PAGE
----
Now let’s address computers. Much of our adult population can readily remember when this technology was introduced. They have a memory of the first PC’s and Mac’s. They can track memories of rotary phones, princess phones, car phones, and mobile phones. These were all invented within their lifetime. Most adults knew where they were when “Al Gore invented the Internets”. This, to them, is technology. They reserve the right to use it, or not, since they know the benefits of what came before. Not too many are holding on to rotary phones, but I have not yet given up my land line (My Choice).This attitude accounts for the experience of many, many educators today. They grew up and learned without technology. It was invented in their lifetime so they have a choice to use it or stay with the tried and true of days gone by.

Now let’s look at the student perspective. There isn’t one kid today in our modern culture that doesn’t have access to a computer. Most kids today live with cellphones, if not Smartphones specifically. If you don’t know it already, a smartphone is simply a complex computer with phone capabilities.What many adults don’t get is that computers and smartphones are not considered technology by kids. They are not in awe of the capabilities of these tools. They expect it. It is part of their world. Educators should not be so arrogant as to think they have the ability to decide whether or not kids can use these tools for learning. The kids do it with, or without adult permission. Any educator has the right to choose to live in a cave, however, they do not have the right to drag their students in there with them.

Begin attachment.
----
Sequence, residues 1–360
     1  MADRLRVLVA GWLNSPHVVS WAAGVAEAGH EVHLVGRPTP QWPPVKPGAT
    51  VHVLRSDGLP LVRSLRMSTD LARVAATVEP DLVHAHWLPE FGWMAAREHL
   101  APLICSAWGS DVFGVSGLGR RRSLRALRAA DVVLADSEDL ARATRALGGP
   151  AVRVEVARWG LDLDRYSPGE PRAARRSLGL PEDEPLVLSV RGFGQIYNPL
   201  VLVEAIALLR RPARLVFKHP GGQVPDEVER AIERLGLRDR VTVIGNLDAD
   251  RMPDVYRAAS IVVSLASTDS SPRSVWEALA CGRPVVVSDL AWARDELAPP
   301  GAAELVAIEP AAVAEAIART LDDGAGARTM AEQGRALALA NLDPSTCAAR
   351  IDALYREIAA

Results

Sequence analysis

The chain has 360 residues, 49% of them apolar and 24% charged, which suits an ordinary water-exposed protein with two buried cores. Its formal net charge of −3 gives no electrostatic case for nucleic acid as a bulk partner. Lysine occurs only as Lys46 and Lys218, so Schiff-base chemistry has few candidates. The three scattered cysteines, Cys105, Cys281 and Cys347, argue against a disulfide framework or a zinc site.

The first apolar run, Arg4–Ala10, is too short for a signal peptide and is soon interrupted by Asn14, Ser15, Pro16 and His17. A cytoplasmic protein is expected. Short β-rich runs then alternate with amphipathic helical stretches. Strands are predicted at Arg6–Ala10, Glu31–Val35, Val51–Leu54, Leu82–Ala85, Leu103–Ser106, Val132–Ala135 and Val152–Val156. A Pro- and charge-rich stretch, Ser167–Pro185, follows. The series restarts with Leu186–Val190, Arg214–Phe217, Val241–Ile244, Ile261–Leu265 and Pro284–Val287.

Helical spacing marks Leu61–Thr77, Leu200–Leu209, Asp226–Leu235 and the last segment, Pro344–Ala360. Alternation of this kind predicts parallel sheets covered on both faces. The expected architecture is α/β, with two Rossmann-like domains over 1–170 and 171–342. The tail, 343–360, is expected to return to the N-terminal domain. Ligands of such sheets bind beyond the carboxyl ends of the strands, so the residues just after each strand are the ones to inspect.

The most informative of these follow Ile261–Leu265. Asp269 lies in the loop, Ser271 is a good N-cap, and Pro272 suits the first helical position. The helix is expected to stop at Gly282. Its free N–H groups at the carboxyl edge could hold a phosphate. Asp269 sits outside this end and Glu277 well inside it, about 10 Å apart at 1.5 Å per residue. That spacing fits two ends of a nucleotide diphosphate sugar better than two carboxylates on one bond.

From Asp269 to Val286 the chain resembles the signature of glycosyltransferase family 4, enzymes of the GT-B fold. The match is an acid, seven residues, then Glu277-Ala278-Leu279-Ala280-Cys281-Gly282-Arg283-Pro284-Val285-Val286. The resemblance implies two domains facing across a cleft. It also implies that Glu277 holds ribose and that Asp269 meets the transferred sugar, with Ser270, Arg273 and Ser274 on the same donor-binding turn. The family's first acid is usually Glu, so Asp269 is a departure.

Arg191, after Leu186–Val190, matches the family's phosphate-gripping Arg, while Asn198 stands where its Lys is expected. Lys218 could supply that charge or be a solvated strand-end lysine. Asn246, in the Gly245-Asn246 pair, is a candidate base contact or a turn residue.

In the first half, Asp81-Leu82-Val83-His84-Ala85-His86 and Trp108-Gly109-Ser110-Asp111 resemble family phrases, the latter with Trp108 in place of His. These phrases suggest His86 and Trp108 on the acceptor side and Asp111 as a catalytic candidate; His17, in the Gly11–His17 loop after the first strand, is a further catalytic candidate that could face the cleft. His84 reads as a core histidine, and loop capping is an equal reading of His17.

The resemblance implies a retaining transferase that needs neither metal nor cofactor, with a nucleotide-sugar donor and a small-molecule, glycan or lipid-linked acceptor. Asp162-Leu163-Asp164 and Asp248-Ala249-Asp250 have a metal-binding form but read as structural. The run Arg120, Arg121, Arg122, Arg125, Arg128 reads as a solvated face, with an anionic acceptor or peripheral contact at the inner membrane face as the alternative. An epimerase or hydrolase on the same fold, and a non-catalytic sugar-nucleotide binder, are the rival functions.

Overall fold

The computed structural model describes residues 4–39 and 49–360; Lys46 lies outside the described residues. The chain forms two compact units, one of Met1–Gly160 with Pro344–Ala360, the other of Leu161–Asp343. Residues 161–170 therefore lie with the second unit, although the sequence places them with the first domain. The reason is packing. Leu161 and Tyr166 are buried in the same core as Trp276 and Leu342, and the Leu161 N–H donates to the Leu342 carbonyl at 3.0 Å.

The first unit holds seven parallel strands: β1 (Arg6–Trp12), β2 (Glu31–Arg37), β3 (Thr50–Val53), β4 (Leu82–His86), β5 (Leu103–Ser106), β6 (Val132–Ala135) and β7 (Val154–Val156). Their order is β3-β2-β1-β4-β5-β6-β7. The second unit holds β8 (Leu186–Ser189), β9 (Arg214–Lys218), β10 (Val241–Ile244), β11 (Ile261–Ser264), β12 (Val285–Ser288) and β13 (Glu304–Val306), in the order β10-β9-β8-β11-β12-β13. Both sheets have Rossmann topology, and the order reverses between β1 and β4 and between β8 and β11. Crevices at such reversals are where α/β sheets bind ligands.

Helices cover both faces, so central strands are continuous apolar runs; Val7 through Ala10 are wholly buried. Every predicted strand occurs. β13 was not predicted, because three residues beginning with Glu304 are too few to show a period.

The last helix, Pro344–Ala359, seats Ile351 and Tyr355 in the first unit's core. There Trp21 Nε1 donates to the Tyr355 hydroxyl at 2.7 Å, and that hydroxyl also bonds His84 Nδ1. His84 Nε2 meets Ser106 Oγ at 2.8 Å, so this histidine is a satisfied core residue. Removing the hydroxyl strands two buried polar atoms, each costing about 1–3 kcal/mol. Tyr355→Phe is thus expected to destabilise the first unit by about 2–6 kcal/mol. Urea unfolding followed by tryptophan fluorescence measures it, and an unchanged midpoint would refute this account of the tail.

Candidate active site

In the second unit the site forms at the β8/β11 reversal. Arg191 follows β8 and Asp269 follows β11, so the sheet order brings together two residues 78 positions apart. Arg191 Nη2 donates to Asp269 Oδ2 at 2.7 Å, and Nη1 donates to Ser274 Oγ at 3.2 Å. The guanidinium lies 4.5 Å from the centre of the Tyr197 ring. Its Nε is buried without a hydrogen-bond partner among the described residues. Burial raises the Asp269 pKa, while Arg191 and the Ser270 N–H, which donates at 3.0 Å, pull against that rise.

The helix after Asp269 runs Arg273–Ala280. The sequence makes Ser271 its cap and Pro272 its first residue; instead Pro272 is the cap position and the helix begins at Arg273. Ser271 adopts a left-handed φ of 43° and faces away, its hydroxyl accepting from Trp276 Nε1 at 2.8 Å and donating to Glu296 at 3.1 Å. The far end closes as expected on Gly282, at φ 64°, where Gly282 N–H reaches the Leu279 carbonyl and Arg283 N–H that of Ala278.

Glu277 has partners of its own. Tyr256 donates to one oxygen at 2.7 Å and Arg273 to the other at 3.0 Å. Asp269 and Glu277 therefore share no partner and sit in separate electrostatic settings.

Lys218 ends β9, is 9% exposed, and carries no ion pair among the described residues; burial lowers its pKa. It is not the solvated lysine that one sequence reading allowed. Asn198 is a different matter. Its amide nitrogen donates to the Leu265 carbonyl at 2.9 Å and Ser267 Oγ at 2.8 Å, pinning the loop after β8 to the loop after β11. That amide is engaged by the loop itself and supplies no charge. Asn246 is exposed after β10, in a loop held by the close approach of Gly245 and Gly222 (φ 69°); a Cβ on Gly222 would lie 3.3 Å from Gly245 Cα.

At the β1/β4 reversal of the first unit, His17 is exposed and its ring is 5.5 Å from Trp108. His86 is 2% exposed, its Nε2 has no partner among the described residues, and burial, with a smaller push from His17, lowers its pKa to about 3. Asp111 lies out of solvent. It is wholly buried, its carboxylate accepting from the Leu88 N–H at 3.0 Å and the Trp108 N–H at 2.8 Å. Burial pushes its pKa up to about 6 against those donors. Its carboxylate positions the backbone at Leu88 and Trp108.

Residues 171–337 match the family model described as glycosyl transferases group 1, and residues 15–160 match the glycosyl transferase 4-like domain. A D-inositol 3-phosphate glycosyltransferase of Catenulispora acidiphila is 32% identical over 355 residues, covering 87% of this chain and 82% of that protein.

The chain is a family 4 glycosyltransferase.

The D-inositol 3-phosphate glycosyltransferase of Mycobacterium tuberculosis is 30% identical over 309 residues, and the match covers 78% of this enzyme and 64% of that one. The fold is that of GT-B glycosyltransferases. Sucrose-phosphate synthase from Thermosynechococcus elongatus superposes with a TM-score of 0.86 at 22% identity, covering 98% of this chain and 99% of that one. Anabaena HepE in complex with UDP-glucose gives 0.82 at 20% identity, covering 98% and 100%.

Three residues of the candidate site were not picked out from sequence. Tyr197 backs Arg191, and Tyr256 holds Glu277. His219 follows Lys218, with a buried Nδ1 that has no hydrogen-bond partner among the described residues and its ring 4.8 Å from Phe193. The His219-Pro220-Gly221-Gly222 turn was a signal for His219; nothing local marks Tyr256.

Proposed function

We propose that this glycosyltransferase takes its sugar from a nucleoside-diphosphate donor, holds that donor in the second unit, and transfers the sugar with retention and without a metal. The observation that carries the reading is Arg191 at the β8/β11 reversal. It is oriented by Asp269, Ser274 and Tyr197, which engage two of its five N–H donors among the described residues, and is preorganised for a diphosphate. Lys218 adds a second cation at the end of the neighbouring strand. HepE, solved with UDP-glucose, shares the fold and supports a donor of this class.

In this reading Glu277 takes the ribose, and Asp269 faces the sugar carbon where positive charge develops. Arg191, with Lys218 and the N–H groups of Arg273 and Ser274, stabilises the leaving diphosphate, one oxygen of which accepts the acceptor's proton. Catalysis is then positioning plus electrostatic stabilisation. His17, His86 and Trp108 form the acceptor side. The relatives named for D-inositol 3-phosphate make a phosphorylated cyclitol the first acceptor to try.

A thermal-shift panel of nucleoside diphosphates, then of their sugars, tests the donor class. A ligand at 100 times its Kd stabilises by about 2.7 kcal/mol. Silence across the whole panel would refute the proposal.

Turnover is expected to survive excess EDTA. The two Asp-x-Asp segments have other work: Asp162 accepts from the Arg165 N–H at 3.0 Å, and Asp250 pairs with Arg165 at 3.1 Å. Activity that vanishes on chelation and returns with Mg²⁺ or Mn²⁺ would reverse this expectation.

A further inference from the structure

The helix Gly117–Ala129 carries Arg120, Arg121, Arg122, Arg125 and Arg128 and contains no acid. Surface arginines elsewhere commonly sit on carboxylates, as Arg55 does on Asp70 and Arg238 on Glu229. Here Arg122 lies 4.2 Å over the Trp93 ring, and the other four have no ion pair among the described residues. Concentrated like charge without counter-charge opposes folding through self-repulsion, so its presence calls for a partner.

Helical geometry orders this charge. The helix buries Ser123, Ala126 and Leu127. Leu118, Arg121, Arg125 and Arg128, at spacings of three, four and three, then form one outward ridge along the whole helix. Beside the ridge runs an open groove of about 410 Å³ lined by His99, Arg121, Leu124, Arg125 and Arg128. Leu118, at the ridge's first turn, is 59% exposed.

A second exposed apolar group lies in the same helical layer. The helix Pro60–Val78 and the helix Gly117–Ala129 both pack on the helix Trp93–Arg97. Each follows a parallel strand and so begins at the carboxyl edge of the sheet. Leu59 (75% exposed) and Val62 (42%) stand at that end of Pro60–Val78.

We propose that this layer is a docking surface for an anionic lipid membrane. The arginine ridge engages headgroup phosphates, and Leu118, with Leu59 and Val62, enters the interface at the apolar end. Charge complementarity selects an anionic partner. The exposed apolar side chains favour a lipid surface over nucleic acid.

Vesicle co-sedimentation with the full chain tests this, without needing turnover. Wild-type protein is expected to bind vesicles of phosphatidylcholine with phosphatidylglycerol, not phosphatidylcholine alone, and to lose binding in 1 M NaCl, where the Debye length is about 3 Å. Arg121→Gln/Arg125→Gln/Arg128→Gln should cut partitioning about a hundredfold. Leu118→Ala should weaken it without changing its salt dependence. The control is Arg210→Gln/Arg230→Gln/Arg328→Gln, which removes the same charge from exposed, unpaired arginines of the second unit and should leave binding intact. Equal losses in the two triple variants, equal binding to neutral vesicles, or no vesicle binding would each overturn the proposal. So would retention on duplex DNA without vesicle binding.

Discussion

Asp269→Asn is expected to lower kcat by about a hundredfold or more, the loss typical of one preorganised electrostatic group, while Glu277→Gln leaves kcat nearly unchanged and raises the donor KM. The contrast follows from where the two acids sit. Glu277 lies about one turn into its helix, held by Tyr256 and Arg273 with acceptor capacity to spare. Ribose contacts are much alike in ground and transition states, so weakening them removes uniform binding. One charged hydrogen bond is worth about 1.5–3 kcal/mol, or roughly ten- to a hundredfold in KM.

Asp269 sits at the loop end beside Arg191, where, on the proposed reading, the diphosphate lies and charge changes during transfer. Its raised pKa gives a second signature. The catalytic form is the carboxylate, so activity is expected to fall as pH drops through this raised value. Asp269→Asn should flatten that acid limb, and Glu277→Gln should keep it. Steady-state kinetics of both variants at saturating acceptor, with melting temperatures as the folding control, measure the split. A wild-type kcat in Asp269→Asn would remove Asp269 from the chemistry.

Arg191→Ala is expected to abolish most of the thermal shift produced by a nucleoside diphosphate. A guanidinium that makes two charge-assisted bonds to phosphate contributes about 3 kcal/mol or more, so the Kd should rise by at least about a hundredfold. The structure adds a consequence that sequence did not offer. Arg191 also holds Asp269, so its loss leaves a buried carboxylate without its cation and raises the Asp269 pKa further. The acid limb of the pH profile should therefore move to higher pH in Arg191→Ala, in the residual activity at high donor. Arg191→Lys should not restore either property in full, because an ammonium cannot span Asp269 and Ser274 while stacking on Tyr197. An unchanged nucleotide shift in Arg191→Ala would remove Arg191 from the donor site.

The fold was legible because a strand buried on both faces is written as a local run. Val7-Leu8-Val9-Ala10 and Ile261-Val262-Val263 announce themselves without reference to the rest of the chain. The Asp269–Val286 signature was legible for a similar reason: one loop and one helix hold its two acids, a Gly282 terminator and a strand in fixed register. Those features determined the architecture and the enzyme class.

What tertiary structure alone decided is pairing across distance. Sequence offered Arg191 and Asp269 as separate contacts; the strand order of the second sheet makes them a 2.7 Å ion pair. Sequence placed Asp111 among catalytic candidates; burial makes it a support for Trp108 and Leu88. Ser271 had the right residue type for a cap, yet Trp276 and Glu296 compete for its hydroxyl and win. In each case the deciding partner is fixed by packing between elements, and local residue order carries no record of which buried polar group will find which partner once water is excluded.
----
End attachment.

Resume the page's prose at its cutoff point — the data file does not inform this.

As long as these technologies exist and continue to move forward, we as educators have an obligation to teach responsible and thoughtful use of these tools. We as educators have a responsibility to be relevant in what and how we teach. I do not know if kids’ brains are wired differently as a result of all that is new in technology. I do know that what astounds me with these tools, is thought to be expected by students. They sleep with their Smartphones. Just ask them. Their perspective to this technology is the perspective we must deal with, and not our own. Our perspective becomes more irrelevant each day.

I love this video. If you have any doubts of what I have just said, watch this video. This is how a one year old approaches something that we all take for granted, a magazine. The child’s perspective however, is one that assumes the very technology that many adults have yet to accept. Learn from this small, but tech-savvy, one-year-old. Click here to view the video.

I now will send this post to my friend, John Carver to use any way he sees fit. I welcome you to do the same. Of course your comments are welcomed.

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Comment by Hayley Barratt on June 2, 2012 at 11:43pm

Hey thanks for this post very interesting!

 

I love what you said about the choice an educator has to live in a cave, however, they do not have the right to drag their students in there with them.

 

Thanks again

Hayley